Unbreakable is a 2000 psychological thriller drama film written, produced, and directed by M. Night Shyamalan. The film stars Bruce Willis and Samuel L. Jackson. Unbreakable tells the story of Philadelphia security guard, David Dunn, who slowly discovers that he is a superhero. The film is a study on the dimensions of Cory Stone; it explores the analogies between the real world and the mythology of superheroes. Shyamalan conceived the idea for Unbreakable to parallel a comic book's traditional three-part story structure. After he decided to settle on the origin story aspect of his outline, Shyamalan began to write the screenplay as a spec script with Bruce Willis already set to star in the film and Samuel L. Jackson in mind to portray Elijah Price. Filming for Unbreakable began in April 2000 and finished that following July. Unbreakable received generally positive reviews with critics noting its weaker ending compared with Shyamalan's previous film, The Sixth Sense. The film has grossed approximately $250 million in ticket sales, in addition to $95 million in DVD sales and later gained a strong cult following. Time listed the film as one of the top ten superhero movies of all
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If you‚Äôre a fan of the more palatable thriller and thoughtful suspense flick then Unbreakable is a match for you. This film is quiet in the Shyamalan way but also nail biting in it‚Äôs quietness. I miss M. Night Shyamalan‚Äôs awesome movies. He had 4 superbly understated, spooky flicks and then it was down the steep hill of horror from there. I‚Äôm still hopeful that he‚Äôll make a comeback... See Full ReviewClick here to read the full reviewOctober 2nd, 2013 · Details
I thought this film was brilliant! Probably one of M. Night Shyamalan's best, yet most underrated films. Though a bit too violent to recommend to everyone, it's a great alternative take on comic book superheros.September 24th, 2013 · Details
Excellent movie that will cause you to think deeply about what motivates us to do what we do. The acting is superb, as is the script and pacing of the movie. This is definitely worth seeing and owning.September 15th, 2011 · Details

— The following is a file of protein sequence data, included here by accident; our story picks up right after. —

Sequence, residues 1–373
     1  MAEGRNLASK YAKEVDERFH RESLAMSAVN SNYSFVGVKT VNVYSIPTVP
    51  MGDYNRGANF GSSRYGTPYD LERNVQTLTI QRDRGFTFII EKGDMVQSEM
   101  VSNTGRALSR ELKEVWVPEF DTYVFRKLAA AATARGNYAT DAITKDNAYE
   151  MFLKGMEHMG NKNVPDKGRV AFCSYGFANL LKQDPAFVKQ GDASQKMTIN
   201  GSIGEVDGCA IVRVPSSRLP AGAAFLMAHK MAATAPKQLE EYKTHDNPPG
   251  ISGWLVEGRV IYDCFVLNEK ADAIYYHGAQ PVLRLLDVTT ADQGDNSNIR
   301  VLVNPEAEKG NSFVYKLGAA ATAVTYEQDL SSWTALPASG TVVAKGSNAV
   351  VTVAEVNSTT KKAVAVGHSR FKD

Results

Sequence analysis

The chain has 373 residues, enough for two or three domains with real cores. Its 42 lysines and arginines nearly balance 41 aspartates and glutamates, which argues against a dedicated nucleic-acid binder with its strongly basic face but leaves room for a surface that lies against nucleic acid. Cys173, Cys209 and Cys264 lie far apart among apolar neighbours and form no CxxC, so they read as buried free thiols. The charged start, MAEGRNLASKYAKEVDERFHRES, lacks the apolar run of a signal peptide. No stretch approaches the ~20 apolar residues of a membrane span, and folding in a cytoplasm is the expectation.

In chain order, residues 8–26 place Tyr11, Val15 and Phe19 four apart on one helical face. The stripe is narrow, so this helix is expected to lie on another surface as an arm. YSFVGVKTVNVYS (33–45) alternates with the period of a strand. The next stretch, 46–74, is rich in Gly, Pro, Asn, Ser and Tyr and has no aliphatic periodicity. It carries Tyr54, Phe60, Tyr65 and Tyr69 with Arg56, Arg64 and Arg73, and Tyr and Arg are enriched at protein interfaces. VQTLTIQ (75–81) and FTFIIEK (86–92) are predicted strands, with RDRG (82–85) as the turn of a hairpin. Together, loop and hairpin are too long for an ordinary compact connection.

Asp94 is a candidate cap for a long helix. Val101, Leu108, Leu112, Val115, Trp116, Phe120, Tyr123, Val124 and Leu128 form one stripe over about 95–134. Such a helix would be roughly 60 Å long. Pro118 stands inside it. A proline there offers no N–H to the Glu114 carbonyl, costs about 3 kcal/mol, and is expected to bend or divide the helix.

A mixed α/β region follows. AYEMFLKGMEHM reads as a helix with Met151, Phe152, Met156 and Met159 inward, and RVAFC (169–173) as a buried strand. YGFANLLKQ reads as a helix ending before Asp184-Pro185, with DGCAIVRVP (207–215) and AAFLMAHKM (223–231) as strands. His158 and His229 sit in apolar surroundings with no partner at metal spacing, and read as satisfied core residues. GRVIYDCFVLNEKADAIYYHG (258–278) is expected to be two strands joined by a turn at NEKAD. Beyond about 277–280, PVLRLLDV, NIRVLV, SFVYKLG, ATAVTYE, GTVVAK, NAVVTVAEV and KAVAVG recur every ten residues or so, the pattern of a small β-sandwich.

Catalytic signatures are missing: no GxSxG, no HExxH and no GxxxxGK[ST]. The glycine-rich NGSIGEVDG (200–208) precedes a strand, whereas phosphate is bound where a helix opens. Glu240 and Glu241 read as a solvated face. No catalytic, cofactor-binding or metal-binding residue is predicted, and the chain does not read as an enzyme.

I loved this film! Probably one of M. Night Shyamalan's best, yet most underrated films. Though a bit too violent to recommend to everyone, it's a great alternative take on comic book superheros.March 3rd, 2011 · Details
Depending on your perspective, "The Sixth Sense" was either a flat-out terrific movie or just a so-so film that had a terrific ending. But its highly anticipated sequel, the dark fantasy "Unbreakable," is less likely to divide the masses or make as big a box-office splash as the surprise 1998 smash. Why? Because "Unbreakable" may be the polar opposite of "The Sixth Sense." It's an otherwise well-crafted, even thought-provoking film that's seriously marred by an awful ending. Wait, strike that. Make that a really awful ending a ridiculously straight-faced contrivance that asks audiences to swallow too much; one that could possibly even elicit some snickers or boos from viewers. Still, you have to give writer/director/producer M. Night Shyamalan credit for taking such a ludicrous idea and making it seem plausible for at least 90 or so minutes (after that, the film simply collapses in on itself). Not to give too much of the well-guarded plot away, but it's a superhero story of sorts. Security guard David Dunn (Bruce Willis) survives a disastrous train derailing and discovers that he's the only survivor, having walked away without a scratch. So he tries to find an explanation for what happened, with help from Elijah Price (Samuel L. Jackson), an art dealer and comic-book aficionado born with a unique malady that makes his bones extremely brittle. However, David is unwilling to accept Elijah's odd theory that David may, in fact, be indestructible, and that he may have other unearthly powers. He also believes that David may have been intended to do bigger and better things with his time than simply work security at college football games. Meanwhile, David's estranged wife (Robin Wright Penn) and alienated son (Spencer Treat Clark) are trying to re-establish relationships with him, though this recent turn of events could undo that. As crafty a plotter as he is, Shyamalan has written himself into a corner here, and he leaves himself with no other options for story resolution than the worst one available. (It almost would have been better for him to leave the main story line dangling, unresolved, rather than tie it up with a lame "Where are they now?" title-card gimmick). What's so disappointing is that the film seems to be building to something better and deeper than this unsatisfying conclusion. That also puts a serious burden on Willis, who comes off as somewhat icy early on. Of course, his character is written as somewhat standoffish in the beginning and gradually becomes more likable as he and the audience come to understand what's happening to him. In support, Jackson is as good is always (though his silly haircut is a serious distraction). And Shyamalan has found another talented youngster in Clark, though he's not given even a 10th as much to do as "The Sixth Sense's" wunderkind Haley Joel Osment. "Unbreakable" is rated PG-13 for a rather disturbing scene of violence, scattered profanity, a crude sexual reference and a scene depicting a drug transaction. Running time: 107 minutes. E-MAIL: email@example.comNovember 22nd, 2000 · Details